Alexis Smith’s Glaciers is about Isabel, a girl with an admiration for vintage and dreams of Amsterdam. Isabel grew up in Alaska, but moved to Portland with her father and her sister Agnes after her parents divorced when she was ten. It was through her father that she discovered a love for the old, as the pair went “junking” together when she was four years old. She didn’t know how to find something, or know what to collect. What was a treasure? Her father explains to her “…it’s a treasure if you love it. It doesn’t matter how much it costs, or whether anyone else wants it. If you love it, you will treasure it, does that make sense?”
After Isabel finds a box of old photographs, she understands it, and begins making up stories for the people in the photographs. It then progresses into postcards, and adult Isabel has an old apartment where all of the decorations, furnishings and her own clothing are from another time. “But Isabel does not admire these things. She feels a need to care for them that goes beyond an enduring aesthetic appreciation. She loves them like adopted children.” It should also be noted that the novel itself takes place over the course of a day, but the chapters alternate with stories of Isabel’s childhood.
Present-day Isabel works at the local library in conservation and preservation, surrounded by old books with stories not only in words but in their condition. She works with a young ex-soldier in tech support nicknamed Spoke; no one knows where the nickname came from except for Isabel. The reader is taken back to a time when the two ran into each other at a party, and he told her the story. She decides while at work to invite him to a party she will be attending for her best friend Leo.
She runs into Spoke while on lunch, and has a clever idea to ask him to the party involving the fortune cookie she receives at the end of her meal. After leaving the fortune on Spoke’s desk, she discovers that he has been called back to duty, thus crushing her fantasy. She still waits until they are the last two in the basement so she can talk to him. They end up going back to his apartment in order to talk. She is drawn to him; he feels like a force to her, and she can’t help but be pulled in.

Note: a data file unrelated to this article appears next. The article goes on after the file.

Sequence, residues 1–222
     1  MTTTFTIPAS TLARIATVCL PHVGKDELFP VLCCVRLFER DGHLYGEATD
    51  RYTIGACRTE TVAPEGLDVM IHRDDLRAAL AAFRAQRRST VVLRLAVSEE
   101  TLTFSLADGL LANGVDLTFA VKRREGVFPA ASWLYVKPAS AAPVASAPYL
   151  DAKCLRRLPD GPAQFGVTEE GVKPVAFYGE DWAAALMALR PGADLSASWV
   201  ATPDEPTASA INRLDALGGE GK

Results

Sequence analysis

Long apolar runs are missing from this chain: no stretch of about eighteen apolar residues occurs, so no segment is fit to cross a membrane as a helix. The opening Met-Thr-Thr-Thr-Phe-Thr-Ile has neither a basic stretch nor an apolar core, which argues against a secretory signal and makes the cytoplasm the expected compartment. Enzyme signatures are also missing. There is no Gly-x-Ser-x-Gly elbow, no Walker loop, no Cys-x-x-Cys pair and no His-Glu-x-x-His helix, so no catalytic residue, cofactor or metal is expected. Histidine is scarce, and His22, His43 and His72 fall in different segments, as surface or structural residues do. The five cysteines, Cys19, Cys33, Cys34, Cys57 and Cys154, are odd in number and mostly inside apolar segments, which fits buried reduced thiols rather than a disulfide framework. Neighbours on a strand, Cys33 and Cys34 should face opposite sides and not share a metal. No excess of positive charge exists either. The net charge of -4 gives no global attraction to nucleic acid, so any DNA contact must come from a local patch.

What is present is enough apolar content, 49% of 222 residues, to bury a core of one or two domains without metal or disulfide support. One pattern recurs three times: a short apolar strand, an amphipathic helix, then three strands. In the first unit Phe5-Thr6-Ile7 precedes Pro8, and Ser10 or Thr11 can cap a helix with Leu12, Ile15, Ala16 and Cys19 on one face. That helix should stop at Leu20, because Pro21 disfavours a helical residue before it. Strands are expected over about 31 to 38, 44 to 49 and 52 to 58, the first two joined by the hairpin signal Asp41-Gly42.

Isabel attends Leo’s party, alone but content. The partygoers decide to play a game where the host gives an emotion and the person whose turn it is has to tell a personal story depicting it. It sounds like the kind of party game I’d want to watch, not participate in. The story ends there, as it’s just a snapshot of this woman’s life/psyche.
The story is sweet, as is Isabel. She is so in love with imagining another life for herself in another time. You want to encourage her to create her own story, instead of the imagined one she makes for strangers. It’s a crime many of us are guilty of, but we do have the power to change that, even if it’s something as simple as waiting for the person who sends your heart aflutter, just so you can speak to them.
This is the kind of book you want to curl up with in a coffee shop or in the comfort of your own home on a rainy day. (It does take place in the Pacific Northwest, after all.) It’s short, but if you’re a fan of the likes of Miranda July, you will enjoy this sweet little tale. Why Glaciers, though? No, it’s not just because Isabel grew up in Alaska. I thought this quote said it best: “Like other great creatures before them, the glaciers were dying, and their death, so distant and unimaginable, was a spectacle not to be missed.” It speaks volumes about our own obsession with the past, and how our lives damn well should be spectacles. I know I don’t want to have an uninteresting story.